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Stems of native grass against a blue sky

Native Plants

Helping you find native plants that thrive in your landscape

Field of yellow flowers with mountains and blue sky in the background.

What is a native plant?

Native plant means plants that were growing naturally here before European colonization. This is the tacit definition many botanists and native-plant enthusiasts seem to use.

Why are native plants important?

  • Drought-tolerant, naturally conserving our precious water resources
  • Provide habitat and food for birds, butterflies, bees and other wildlife
  • Don’t need special pampering or fertilizing
  • Natural to their eco-system
  • Help us maintain biological biodiversity

What's the rush?

Doug Tallamy presents the science-based solution to the biodiversity crisis and explains why it’s so urgent.

What is an ecoregion?

According to the USDA, “Ecoregions are areas where ecosystems (and the type, quality, and quantity of environmental resources) are generally similar.”

Ecoregions are identified by analyzing the patterns and composition of biotic and abiotic phenomena that affect or reflect differences in ecosystem quality and integrity (Omernik 1987, 1995). These phenomena include the following:

  • geology
  • landforms
  • soils
  • vegetation
  • climate
  • land use
  • wildlife
  • hydrology

What native plants are good for my area?

Find plants that are a good fit for your landscape based on sun/shade, soil type, bloom preference, and more.

Native trees at Green Tree Diversity in Bertram

Where can I find native plants?

NICE! Native Plant Partners is a program where Native Plant Society chapters work with local nurseries to promote the availability of native plants.

Where can I see examples?

Chapter volunteers plant beds of native plants called “Chapter Demonstration Gardens.” Find native plants near you at demo gardens, parks and trails.

What is wildscaping?

Wildscaping is a way of designing your home’s landscape to attract and benefit wildlife, especially birds and butterflies, by providing the required food, water, and shelter. 

Where can I learn more?

Native Landscape Certification Program (NLCP) is a series of day-long classes that teach best practices for native plant landscaping – including wildlife habitat gardening. Each class consists of an indoor training session and an outdoor plant identification section. We show you plants native to the local ecoregion, illustrating their use in the landscape.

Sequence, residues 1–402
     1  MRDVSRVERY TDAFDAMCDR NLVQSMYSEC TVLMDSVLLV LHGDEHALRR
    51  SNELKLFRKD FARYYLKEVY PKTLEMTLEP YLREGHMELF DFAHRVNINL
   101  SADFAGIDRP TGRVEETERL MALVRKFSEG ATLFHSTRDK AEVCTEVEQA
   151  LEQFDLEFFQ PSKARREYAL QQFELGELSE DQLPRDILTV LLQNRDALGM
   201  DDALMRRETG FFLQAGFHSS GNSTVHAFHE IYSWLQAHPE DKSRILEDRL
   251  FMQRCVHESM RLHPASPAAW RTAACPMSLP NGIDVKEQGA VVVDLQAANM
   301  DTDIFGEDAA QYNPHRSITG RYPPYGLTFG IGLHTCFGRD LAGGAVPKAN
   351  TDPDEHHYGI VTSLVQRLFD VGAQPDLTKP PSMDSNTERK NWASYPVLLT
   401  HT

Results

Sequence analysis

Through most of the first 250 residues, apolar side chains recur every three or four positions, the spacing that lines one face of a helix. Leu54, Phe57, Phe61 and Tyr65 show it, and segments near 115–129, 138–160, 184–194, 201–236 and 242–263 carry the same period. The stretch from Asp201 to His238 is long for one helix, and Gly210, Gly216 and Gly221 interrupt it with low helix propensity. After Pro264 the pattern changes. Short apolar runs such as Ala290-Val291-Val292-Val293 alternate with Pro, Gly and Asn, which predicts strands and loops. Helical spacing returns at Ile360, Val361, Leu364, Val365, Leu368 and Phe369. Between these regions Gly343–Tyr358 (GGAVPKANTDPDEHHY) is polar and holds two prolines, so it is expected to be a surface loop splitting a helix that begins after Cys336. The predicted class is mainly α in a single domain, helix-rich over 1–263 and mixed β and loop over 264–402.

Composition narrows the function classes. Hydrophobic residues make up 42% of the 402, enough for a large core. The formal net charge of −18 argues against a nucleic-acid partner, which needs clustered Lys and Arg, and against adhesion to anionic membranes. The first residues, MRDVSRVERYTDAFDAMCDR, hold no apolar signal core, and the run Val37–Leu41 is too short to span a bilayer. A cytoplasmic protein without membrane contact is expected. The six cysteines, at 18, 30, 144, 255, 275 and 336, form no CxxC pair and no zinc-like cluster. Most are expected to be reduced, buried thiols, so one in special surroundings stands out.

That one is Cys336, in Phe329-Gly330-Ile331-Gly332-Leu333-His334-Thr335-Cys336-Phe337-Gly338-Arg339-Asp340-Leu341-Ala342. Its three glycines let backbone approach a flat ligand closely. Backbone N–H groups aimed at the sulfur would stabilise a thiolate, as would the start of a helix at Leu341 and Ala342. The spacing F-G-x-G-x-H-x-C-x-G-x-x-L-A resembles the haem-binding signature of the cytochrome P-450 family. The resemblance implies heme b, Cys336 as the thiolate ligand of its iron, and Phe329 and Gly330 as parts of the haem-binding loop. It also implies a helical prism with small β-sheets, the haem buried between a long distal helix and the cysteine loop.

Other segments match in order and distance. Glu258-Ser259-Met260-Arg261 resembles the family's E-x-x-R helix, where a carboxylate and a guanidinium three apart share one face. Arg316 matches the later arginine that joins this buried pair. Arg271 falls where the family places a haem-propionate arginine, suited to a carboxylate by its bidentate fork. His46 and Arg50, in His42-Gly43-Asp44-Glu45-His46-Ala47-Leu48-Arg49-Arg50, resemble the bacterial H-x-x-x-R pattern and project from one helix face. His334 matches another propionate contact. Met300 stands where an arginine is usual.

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About the Region

New Braunfels, the location of our Fall 2024 Symposium, straddles both the Edwards Plateau Ecoregion and the Blackland Prairie ecoregion. Interstate 35 divides the city of New Braunfels; its path through the city closely parallels the boundary of these two ecoregions, with the Edwards Plateau on the west side and the Blackland Prairies region to the east. The Edwards Plateau area is also called the Hill Country; however, this general term covers a much larger area extending farther north. Spring-fed creeks are found throughout the region; deep limestone canyons, rivers, and lakes (reservoirs) are common. Ashe juniper is perhaps the most common woody species found throughout the region. Additional woody species include various species of oak, with live oak (Quercus fusiformis) being the most common. Sycamores (Platanus occidentalis) and bald cypress (Taxodium distichum) border waterways. This area is well known for its spring wildflower displays, though they may be viewed in spring, late summer, and fall, as well. According to Texas Parks and Wildlife, average annual rainfall in the Edwards Plateau ranges from 15 to 34 inches.

The Blackland Prairie extends from the Red River south to San Antonio, bordered on the west by the Edwards Plateau and the Cross Timbers, and on the east by the Post Oak Savannah. Annual rainfall averages 30 to 40 inches, with higher averages to the east. This region is dominated by prairie species. The most common grass species include little bluestem (Schizachyrium scoparium) and Indian grass (Sorghastrum nutans) in the uplands and switchgrass (Panicum virgatum) in the riparian areas and drainages. Common herbaceous flowering plants include salvias, penstemons, and silphiums. This area has suffered greatly from overgrazing and agricultural use. Few intact areas remain, though many of the plants can be found along county roadsides throughout the region.

Our four host chapters (New Braunfels, Lindheimer, Guadalupe, and the Hill Country chapters) are located in one or both of the ecoregions above. However, the eastern portion of Guadalupe County also falls within the Post Oak Savanna ecoregion. Annual rainfall averages 35 to 45 inches, with higher averages to the east. A wide variety of hardwood trees are found, including several species of oaks, elms, and in the Bastrop area, loblolly pine (Pinus taeda). Grasses and forbs dominate in the open savannas, with most common grass being little bluestem. Ranching, agriculture, and fire suppression have allowed woody species to encroach on the once-open savannas.

Source: Wildflowers of Texas by Michael Eason